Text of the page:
Having now visited Berlin twice, once in winter and once in scorching hot summer (my pale self actually got a slight tan – which is an absolute miracle!) it was really interesting to see the contrast of the seasons. Mainly because of the fashion. The Germans have such an effortless look, they could throw on a black binliner and look like they owned it. I think European style in general just tends to have that effortless, ‘I just threw this on’ look; whether they’re snuggled up in thick coats and winter scarves, or wearing cascading summer dresses and ripped up mini shorts. I think the fact that a lot of them smoke also contributes to this glamorous aura. I’m not saying smoking is good, I’m just saying some people really do look good with a cigarette between their lips. Having now branched into visiting more of Europe with Amsterdam and Berlin under my belt, I am beginning to realise that I could happily live there. Or live abroad at least. There’s something mesmerising about a place that isn’t home. The very fact that you could eat a sandwhich for breakfast in Berlin delighted me, as I am very much a traditional breakfast eater with porridge and coffee generally the norm. Yet in Berlin you can have a breakfast consisting of a mozzarella and tomato sandwhich (to die for!), a sandwhich absolutely crammed with brae, croissants with sausages and cheese melted through them – an endless and yummy variety of options. I am very much a social meal eater. If I am alone, I couldn’t care less about food and I just eat for the sake of fueling my body. However when I am with other people, I absolutely love making an occasion of it; having a late breakfast, eating a long lunch, people watching from the cafe you’re sat in. Sometimes I think drinking tea and observing the world is one of the most peaceful past times that I would be happy to do forever, especially in a city as bustling and exciting as Berlin.

14026622_1817975838422439_387462902_n

So if you’re planning your next holiday, think of Berlin. Think of the buildings. Think of the art. Think of the history. Considering Berlin was not long ago divided by the Iron Curtain and had a Communist regime imposed in East Berlin by the GDR, the composition of the city; it’s infrastructure, it’s culture and it’s economy is incredibly impressive, particularly given it’s rapid progress. These features all show that despite it’s bleak and dark history, Berlin is a place that is very much orientated on the present, and what a superb present it is.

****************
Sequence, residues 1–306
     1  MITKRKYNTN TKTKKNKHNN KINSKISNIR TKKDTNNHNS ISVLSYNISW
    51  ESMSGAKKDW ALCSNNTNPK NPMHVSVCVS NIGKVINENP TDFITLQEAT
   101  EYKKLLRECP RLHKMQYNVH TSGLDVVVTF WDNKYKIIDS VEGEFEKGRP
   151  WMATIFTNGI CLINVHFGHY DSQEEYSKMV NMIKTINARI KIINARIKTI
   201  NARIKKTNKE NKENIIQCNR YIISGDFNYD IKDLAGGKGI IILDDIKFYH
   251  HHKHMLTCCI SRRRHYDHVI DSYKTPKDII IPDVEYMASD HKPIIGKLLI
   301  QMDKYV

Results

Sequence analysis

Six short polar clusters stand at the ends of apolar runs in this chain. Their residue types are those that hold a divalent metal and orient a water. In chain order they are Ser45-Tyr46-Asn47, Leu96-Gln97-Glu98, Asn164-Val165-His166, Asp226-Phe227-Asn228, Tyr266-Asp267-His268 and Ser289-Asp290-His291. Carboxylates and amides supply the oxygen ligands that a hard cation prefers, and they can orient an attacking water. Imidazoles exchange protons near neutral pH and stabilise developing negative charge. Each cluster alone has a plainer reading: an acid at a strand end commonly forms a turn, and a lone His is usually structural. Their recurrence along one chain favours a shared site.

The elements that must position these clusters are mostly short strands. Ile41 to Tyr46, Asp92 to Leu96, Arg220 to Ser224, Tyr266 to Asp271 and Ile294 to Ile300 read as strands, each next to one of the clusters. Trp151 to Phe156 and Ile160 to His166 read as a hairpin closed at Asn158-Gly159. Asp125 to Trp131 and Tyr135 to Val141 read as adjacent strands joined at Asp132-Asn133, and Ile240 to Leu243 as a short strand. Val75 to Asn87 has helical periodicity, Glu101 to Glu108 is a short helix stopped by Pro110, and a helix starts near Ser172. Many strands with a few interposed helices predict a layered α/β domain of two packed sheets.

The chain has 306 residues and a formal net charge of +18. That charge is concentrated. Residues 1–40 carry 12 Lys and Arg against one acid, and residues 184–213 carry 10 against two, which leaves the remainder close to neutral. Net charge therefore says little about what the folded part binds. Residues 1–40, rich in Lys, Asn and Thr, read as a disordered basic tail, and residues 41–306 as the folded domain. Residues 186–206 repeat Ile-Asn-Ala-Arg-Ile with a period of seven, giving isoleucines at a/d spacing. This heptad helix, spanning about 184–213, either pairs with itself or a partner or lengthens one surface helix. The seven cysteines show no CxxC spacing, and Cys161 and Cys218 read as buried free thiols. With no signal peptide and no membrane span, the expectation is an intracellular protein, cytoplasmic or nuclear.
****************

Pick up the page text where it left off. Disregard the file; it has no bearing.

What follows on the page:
Creative Outlets

13687254_141506512950038_1833900222_n“I think that the very great artists were not trying to express themselves.They were trying to trap the fact, because after all, artists are obsessed by life and by certain things that obsess them that they want to record. And they’ve tried to find systems and construct the cages in which these things can be caught.” – Francis Bacon, Tate Liverpool ‘Invisible Rooms’ exhibition catalogue

I read this quote last night and it has stuck with me as I tried to grapple with Bacon’s analysis in relation to my own work. In my view he is absolutely right, artists are obsessed with life; whether it is the architecture we live in, our own bodies, nature and the natural environment, urbanism, industrialism, consumerism. You name it. We’ve made art about everything. Art in a sense could almost be compared to science. It is a route to discovery, a journey of experimentation and deduction. Much like scientists employing  mathematics in an attempt to predict the movements of particles, artists engage with their surroundings and various mediums in an attempt to express themselves and their ideas. Conceptual art is at the forefront of modern art today, as by utilizing artworks as tools we are able to realise an idea and convey it to a public audience. Yet there is also and will always be the most expressive form of art; art that does not require proposals and adherences to restricted budget costs, art that does not require a white cube gallery space to be displayed in, but art that simply is from the self. Raw, unaltered sketches, drawings, illustrations and doodles. The purest form of expression and that emotional/creative release.